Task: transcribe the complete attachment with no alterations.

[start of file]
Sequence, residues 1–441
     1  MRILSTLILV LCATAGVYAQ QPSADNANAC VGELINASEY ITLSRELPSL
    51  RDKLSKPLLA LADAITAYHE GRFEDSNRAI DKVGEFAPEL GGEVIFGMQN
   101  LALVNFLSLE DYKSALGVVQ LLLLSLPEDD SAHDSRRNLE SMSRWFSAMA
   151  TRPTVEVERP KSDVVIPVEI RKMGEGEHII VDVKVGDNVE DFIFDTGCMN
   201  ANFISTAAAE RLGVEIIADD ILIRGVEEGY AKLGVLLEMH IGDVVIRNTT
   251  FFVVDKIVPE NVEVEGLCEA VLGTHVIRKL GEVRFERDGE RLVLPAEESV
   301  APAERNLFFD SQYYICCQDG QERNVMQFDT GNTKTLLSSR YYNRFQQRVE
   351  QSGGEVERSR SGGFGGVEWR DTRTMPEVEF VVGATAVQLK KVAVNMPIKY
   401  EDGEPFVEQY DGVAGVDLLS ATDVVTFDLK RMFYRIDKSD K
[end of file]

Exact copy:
Sequence, residues 1–441
     1  MRILSTLILV LCATAGVYAQ QPSADNANAC VGELINASEY ITLSRELPSL
    51  RDKLSKPLLA LADAITAYHE GRFEDSNRAI DKVGEFAPEL GGEVIFGMQN
   101  LALVNFLSLE DYKSALGVVQ LLLLSLPEDD SAHDSRRNLE SMSRWFSAMA
   151  TRPTVEVERP KSDVVIPVEI RKMGEGEHII VDVKVGDNVE DFIFDTGCMN
   201  ANFISTAAAE RLGVEIIADD ILIRGVEEGY AKLGVLLEMH IGDVVIRNTT
   251  FFVVDKIVPE NVEVEGLCEA VLGTHVIRKL GEVRFERDGE RLVLPAEESV
   301  APAERNLFFD SQYYICCQDG QERNVMQFDT GNTKTLLSSR YYNRFQQRVE
   351  QSGGEVERSR SGGFGGVEWR DTRTMPEVEF VVGATAVQLK KVAVNMPIKY
   401  EDGEPFVEQY DGVAGVDLLS ATDVVTFDLK RMFYRIDKSD K